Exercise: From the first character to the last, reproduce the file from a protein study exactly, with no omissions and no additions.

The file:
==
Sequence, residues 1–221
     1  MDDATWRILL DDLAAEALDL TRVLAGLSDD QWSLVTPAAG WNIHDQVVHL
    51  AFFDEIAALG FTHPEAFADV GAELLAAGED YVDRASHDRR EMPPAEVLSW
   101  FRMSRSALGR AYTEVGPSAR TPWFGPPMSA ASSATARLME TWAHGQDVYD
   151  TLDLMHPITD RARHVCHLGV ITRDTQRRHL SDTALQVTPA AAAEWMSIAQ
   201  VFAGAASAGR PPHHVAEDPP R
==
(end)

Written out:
Sequence, residues 1–221
     1  MDDATWRILL DDLAAEALDL TRVLAGLSDD QWSLVTPAAG WNIHDQVVHL
    51  AFFDEIAALG FTHPEAFADV GAELLAAGED YVDRASHDRR EMPPAEVLSW
   101  FRMSRSALGR AYTEVGPSAR TPWFGPPMSA ASSATARLME TWAHGQDVYD
   151  TLDLMHPITD RARHVCHLGV ITRDTQRRHL SDTALQVTPA AAAEWMSIAQ
   201  VFAGAASAGR PPHHVAEDPP R